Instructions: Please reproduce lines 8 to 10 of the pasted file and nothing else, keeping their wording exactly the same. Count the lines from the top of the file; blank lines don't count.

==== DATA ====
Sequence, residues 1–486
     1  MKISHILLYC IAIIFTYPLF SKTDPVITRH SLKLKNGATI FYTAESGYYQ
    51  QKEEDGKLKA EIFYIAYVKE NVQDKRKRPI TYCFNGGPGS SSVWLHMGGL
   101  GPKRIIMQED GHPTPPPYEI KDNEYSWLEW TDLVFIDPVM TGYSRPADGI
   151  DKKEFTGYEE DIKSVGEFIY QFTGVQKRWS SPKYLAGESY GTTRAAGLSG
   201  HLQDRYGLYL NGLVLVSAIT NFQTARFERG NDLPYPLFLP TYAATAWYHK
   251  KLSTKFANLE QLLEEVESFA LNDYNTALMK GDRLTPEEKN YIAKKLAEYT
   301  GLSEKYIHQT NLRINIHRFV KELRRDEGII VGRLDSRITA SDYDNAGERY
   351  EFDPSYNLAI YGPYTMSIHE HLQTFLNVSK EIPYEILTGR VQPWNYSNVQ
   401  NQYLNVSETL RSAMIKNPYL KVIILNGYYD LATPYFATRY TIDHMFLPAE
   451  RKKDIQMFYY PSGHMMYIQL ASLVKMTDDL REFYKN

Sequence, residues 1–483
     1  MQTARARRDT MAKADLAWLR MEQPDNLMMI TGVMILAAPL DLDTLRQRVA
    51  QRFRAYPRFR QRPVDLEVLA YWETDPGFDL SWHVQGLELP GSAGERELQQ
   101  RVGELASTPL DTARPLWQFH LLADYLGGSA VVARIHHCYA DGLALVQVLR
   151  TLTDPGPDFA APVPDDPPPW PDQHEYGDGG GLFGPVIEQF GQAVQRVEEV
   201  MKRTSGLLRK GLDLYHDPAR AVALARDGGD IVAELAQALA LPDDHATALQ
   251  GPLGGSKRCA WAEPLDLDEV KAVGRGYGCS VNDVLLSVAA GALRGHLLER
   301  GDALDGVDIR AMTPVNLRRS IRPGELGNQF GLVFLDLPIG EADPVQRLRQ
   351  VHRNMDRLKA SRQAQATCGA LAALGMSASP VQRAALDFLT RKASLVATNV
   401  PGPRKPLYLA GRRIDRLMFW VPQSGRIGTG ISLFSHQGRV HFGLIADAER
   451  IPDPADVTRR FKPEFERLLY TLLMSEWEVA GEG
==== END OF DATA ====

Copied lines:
   301  GLSEKYIHQT NLRINIHRFV KELRRDEGII VGRLDSRITA SDYDNAGERY
   351  EFDPSYNLAI YGPYTMSIHE HLQTFLNVSK EIPYEILTGR VQPWNYSNVQ
   401  NQYLNVSETL RSAMIKNPYL KVIILNGYYD LATPYFATRY TIDHMFLPAE